AM V8 / V8 Vantage & X-Pack
In 1971, a consortium of enthusiastic owners bought Aston Martin from the David Brown Company. Their first concern was to ensure the future of the Aston Martin V8 and its access to the US market. In service results from early emission testing of the DBS V8 showed that it was most unlikely to be made compliant without very considerable expense and time. There was also a major concern with its reliability and all too frequent loss of tune. The quick and cheap answer was to fit emission compliant carburettors, and an early development configuration of 4 twin choke Webers was quickly selected and chosen. Compliance was achieved, but at the expense of significant power, which was reduced to around 320 bhp, with a corresponding reduction of torque. With minor variations, this engine was to remain in production throughout the 1970s and early 1980s.
Aston Martin was sold again in 1978 and this time was acquired by a new consortium of Aston Martin enthusiasts, with Mr Victor Gauntlett as the MD. One of his earliest decisions was to develop a high performance Vantage version of the V8.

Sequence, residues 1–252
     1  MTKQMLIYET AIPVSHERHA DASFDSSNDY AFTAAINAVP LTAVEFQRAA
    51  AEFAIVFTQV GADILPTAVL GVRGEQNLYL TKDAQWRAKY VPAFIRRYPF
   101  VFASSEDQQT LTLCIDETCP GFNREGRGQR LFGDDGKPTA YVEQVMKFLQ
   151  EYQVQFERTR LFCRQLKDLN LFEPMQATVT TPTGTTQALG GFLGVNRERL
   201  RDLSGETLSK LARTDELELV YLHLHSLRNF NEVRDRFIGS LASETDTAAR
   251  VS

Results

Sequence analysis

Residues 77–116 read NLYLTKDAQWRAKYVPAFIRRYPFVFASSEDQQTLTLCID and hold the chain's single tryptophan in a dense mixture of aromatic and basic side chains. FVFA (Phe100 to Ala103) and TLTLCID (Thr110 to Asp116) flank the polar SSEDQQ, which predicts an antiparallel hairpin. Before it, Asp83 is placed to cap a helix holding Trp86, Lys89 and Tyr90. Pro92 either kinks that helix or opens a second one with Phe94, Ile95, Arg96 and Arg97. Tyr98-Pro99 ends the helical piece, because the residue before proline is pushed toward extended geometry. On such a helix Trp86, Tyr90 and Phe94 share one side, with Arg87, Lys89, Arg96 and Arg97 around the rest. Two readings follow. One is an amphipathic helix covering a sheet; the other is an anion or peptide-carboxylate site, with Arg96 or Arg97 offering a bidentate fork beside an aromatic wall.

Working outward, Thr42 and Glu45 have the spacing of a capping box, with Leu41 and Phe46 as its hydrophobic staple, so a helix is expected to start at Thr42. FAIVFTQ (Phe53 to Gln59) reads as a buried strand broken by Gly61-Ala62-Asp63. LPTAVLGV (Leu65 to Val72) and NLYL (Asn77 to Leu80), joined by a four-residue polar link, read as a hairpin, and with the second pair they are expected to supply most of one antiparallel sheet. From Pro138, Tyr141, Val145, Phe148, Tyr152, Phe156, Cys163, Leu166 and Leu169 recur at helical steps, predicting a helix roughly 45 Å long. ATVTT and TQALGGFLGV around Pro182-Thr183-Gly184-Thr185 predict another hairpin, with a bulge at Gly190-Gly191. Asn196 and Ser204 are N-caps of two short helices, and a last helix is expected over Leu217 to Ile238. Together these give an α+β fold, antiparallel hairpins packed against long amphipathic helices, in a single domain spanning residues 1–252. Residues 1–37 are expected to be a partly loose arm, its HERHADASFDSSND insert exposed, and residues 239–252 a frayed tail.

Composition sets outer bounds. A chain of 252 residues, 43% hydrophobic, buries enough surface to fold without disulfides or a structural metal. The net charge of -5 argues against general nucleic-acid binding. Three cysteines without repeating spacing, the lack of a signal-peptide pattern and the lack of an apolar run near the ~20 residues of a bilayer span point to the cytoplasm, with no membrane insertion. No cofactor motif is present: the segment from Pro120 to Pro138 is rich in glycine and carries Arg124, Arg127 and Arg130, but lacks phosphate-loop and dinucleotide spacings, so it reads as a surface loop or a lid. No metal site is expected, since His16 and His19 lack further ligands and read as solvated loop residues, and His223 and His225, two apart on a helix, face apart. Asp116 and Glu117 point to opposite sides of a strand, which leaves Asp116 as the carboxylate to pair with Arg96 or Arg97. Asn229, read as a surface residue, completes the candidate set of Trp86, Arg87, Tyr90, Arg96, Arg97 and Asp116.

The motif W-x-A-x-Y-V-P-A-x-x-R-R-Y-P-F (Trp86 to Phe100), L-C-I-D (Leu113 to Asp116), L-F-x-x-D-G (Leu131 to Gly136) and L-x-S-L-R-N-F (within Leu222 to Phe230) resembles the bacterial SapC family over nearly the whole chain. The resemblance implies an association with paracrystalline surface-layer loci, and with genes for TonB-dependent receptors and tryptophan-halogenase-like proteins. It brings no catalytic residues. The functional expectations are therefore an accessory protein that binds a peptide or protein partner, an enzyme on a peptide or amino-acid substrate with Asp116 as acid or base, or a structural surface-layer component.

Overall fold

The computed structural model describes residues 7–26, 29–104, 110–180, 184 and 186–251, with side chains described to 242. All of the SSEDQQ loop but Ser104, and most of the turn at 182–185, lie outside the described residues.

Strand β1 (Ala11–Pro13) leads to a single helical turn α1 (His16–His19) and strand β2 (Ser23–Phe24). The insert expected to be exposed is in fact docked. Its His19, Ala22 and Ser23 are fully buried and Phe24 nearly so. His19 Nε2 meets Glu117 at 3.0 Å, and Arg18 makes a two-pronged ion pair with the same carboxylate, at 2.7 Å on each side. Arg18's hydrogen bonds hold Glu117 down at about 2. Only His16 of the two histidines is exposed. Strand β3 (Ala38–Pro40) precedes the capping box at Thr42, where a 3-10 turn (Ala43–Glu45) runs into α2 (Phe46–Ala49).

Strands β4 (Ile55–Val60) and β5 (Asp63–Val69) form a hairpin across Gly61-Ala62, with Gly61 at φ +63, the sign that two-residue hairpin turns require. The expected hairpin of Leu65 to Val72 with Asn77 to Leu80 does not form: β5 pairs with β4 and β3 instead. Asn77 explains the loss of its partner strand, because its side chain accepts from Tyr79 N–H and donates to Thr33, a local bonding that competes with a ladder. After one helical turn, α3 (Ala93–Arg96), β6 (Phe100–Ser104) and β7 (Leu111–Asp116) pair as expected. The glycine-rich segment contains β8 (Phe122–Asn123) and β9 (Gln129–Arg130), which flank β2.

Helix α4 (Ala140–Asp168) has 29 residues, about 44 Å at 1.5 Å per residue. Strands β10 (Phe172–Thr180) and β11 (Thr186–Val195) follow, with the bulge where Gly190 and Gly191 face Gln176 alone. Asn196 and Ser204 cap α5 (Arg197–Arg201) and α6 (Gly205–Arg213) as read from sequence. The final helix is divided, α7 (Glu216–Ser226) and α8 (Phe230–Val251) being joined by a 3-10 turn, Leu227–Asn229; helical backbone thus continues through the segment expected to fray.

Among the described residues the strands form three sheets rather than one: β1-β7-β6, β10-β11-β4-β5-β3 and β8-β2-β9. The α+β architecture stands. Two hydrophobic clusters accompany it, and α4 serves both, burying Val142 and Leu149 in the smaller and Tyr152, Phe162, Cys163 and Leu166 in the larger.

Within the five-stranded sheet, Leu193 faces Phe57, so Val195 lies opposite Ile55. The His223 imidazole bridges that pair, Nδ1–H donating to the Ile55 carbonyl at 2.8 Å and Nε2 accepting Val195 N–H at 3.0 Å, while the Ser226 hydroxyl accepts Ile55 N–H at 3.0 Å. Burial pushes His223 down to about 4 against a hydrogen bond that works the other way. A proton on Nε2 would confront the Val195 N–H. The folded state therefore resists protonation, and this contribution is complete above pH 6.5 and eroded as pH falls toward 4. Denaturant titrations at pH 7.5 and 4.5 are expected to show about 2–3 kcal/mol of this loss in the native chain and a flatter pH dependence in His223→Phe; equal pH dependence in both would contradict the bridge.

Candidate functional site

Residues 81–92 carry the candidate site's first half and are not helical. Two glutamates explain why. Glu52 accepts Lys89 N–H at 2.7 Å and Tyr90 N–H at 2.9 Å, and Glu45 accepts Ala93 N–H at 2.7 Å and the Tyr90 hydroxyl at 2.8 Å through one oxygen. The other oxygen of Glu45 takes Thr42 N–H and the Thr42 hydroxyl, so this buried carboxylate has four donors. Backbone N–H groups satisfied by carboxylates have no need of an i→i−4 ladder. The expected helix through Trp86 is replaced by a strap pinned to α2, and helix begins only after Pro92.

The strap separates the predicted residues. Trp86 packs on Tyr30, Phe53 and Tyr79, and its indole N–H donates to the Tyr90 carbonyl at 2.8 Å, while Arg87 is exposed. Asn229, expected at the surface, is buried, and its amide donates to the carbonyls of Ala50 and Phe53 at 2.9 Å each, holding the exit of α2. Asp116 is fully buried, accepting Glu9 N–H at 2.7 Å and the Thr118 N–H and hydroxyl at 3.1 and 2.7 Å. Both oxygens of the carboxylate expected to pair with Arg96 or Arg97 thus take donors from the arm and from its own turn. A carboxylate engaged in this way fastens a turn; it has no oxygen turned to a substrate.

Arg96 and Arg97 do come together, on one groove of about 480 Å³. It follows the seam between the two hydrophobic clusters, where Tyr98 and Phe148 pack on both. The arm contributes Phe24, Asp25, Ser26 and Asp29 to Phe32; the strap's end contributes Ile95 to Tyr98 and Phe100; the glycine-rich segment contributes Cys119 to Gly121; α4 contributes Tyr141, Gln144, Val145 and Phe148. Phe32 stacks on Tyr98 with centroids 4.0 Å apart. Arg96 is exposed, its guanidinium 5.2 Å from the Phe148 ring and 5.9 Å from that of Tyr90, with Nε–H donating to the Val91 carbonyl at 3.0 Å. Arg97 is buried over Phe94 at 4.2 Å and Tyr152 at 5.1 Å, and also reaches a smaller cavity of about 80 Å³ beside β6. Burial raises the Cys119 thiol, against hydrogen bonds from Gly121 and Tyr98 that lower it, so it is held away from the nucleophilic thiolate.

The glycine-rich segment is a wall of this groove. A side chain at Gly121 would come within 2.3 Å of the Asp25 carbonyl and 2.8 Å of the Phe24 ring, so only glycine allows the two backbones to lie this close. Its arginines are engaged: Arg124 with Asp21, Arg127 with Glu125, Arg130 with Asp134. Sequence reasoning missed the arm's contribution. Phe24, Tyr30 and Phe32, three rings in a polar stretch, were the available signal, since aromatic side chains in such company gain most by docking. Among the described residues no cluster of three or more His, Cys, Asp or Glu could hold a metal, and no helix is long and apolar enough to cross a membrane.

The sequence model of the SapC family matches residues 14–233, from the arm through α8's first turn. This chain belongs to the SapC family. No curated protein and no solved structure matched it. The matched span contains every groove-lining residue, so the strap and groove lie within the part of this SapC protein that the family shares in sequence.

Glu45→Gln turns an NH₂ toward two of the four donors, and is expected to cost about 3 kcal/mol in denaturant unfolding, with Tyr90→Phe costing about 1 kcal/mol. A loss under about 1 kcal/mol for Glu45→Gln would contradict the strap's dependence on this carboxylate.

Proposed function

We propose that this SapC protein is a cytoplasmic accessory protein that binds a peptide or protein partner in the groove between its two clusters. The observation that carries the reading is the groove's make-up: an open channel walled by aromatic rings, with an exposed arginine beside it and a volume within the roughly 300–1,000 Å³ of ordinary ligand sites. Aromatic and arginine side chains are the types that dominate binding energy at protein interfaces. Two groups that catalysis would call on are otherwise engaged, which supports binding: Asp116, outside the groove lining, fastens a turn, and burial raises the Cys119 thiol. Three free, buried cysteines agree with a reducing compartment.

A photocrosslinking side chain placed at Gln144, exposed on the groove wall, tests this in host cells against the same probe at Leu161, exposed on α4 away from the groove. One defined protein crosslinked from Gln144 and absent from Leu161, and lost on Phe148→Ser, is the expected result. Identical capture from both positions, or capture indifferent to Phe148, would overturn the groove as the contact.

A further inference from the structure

As has already been stated, this V8 engine has demonstrated remarkable development potential, thus enabling the Vantage to be ready for sale within 6 months. The modifications to the engine were relatively modest with use of hotter cams, bigger carburettors, bigger inlet valves, gas flowed exhaust manifolds and a higher compression ratio of 9.0 to 1. In 1981, yet a further variation of the Vantage engine with modified cylinder heads with enlarged inlet and exhaust ports, valves, improved cams was put into production to compensate for the growing weight of the V8 and to preserve its remarkable performance, which fully recovered all the performance lost with the abandonment of the DBS V8 fuel injected car.
Mindful of ever more stringent emission regulations, the last production variant of the V8 engine was launched in 1985, using an electronic fuel injection system developed by Caraway Inc of the USA. Their instruction was to make the engine fully emission compliant. To that end their brief included new cylinder heads as well as a completely new intake and exhaust system. Accordingly, the cylinder heads now featured 4 valves per cylinder with new cams, higher compression and integrated with the use of emission compliant exhaust catalysts. Among the benefits of this engine was a reduced engine height, visible by the modified shape of the car bonnet.